Planting conditions improve as soils dry out for crops

Ned Birkey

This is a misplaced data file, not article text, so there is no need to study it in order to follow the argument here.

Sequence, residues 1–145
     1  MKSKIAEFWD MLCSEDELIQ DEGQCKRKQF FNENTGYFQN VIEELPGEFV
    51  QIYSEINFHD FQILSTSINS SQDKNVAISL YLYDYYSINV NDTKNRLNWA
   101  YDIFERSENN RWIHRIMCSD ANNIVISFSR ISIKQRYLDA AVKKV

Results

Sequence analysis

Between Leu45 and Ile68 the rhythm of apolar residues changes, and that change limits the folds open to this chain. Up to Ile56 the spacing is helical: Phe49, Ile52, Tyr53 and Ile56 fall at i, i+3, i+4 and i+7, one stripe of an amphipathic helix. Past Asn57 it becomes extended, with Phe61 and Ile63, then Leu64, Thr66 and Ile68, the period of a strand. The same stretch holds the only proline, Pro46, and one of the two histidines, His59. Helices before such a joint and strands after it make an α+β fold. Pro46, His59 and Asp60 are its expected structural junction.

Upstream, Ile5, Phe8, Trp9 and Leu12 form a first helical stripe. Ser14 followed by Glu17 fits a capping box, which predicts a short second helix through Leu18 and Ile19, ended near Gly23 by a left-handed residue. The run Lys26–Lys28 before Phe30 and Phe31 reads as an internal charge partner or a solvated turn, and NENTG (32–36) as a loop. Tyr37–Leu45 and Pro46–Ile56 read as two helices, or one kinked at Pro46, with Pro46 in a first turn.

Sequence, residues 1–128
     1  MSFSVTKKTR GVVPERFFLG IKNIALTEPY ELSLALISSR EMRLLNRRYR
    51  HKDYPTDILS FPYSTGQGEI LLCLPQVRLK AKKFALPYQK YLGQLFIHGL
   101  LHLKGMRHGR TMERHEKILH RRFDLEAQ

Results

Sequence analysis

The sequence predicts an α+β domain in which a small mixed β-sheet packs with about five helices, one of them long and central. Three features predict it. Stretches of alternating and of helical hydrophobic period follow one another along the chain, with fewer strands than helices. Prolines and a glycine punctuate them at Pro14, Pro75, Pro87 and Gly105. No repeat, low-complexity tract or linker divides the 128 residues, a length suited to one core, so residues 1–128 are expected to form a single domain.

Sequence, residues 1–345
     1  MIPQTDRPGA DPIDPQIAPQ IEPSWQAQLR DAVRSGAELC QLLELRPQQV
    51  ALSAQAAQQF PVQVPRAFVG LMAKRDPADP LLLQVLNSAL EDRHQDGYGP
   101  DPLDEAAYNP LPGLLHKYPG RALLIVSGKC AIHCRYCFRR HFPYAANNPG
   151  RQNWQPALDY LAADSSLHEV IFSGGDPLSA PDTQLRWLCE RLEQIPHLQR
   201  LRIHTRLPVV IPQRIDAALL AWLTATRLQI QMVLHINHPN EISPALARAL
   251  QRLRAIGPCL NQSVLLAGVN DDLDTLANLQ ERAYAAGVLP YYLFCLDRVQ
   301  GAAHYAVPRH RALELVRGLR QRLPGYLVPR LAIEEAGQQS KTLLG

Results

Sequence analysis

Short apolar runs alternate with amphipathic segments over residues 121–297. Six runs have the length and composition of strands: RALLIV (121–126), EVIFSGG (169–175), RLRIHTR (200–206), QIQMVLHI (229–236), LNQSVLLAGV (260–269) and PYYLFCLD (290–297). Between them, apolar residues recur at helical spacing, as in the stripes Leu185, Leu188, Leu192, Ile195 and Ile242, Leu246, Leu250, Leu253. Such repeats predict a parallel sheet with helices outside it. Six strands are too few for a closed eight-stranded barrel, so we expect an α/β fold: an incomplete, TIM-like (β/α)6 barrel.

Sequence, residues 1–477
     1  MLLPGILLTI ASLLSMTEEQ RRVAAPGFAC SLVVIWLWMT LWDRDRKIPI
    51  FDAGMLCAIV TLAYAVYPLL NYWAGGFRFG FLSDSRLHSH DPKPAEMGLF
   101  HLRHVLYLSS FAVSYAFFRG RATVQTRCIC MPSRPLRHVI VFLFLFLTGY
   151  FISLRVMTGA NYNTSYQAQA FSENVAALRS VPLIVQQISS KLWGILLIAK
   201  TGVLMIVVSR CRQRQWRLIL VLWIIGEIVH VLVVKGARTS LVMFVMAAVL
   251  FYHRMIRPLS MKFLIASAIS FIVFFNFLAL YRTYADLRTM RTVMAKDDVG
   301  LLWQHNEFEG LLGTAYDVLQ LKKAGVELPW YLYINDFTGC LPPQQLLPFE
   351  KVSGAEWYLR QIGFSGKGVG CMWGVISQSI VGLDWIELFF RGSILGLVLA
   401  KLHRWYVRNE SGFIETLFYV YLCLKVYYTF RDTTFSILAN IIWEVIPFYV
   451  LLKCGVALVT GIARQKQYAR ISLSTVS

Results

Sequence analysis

The MSU Enviroweather station at Applewood Orchards at Deerfield is reporting degree days for 2023, from March 1 to April 20 was 181 GDD (base 50º Fahrenheit), well above the 131 GDD of last year and the six-year average of 144.4 GDD. The minimum soil temperatures, as measured at the two-inch level, under bare soil ranged from 57.9º Fahrenheit on April 15 and coming down to 41.3º Fahrenheit on April 20. The high soil temperature reached 76.7ºF on Saturday, April 15, which is why all the forsythia was in bloom. The weather forecast for the rest of April was cooler than normal with scattered rains, but generally dry conditions. Currently the forecast for May is for more normal temperatures and likely below normal precipitation.Planting conditions improve as soils dry out for corn, soybeans, potatoes, some early sweet corn and other early season crops. The fact that “ultra-early” planting did not occur due to wet soils, does not mean that crop and yield prospects are adversely affected.Corn planting has begun and will continue into dry soils. Emerson Nafziger reminds farmers that planting depth should remain at one and a half to two inches deep. Planting too shallow can expose seeds to drying conditions before germination begins and can limit the uniform uptake of water by all the seeds. Deeper planting delays emergence, especially in heavy soils that also tend to crust. There is no advantage to planting from three inches deep if soil conditions are good, the risk is nearly all on the downside. Likewise, corn seeding rate depends upon the varietal characteristics and recommendations and uniformity of soils, but generally maximize profit at around 30,000 seeds per acre. Corn required about 100 to 120 GDD to emerge, which means that both air and soil temperatures have a large influence on corn emergence timing from the soil. Corn can emerge in warm soils in as little as four to five days or may take 20 to 30 days if soil temperatures are cool.Soybean planting also started though cooler soil temperatures will delay emergence until soils warm up to about 60º Fahrenheit as seed emergence can vary from six to 21 days depending upon soil temperature. With a cooler forecast, soybean planting can proceed as soils dry out without working soils too wet. Results from 14 years of the Michigan soybean yield contest found that the top ten yields came from soybeans planted as late as around mid-May. As important is a seeding rate of around 165,000 seeds per acre, depending upon the variety, seed treatment, soils and plant and row spacing. We know from field demonstrations going back to 1994 that fewer soybean plants will have more pods as long as plant spacing remains relatively uniform. This saves on seed cost without sacrificing yield.Insect trapping will be done by new MSU Vegetable Educator Chris Galbraith this year as he secures traps, lures and locations. He also plans to do some vegetable disease monitoring with selected crops and diseases. Anyone interested in getting updates should contact him at 734-240-3178. Some trapping will be done at the MCCC Student Ag Farm and other locations in southeast Michigan and northwest Ohio.Protecting the garden from frost is still a concern despite April 25 being the statistical 30-year average date of the last 32 º Fahrenheit frost date for Monroe County. There is still a chance of frost even at temperatures above 32º Fahrenheit and even after April 25 though the odds favor a statistical lower chance of cold. Fortunately, slower early season growth that keeps plants closer to the somewhat warmer soil line will aid in protecting young seedlings as the air temperature is measured at five feet above ground. Hardy vegetables can withstand freezing temperatures for short periods without injury and include broccoli, cabbage, collards, kale, mustard greens, onions, parsley, peas, radish and spinach. Frost tolerant vegetables can withstand a light frost and include beets, carrots, cauliflower, celery, lettuce and potatoes.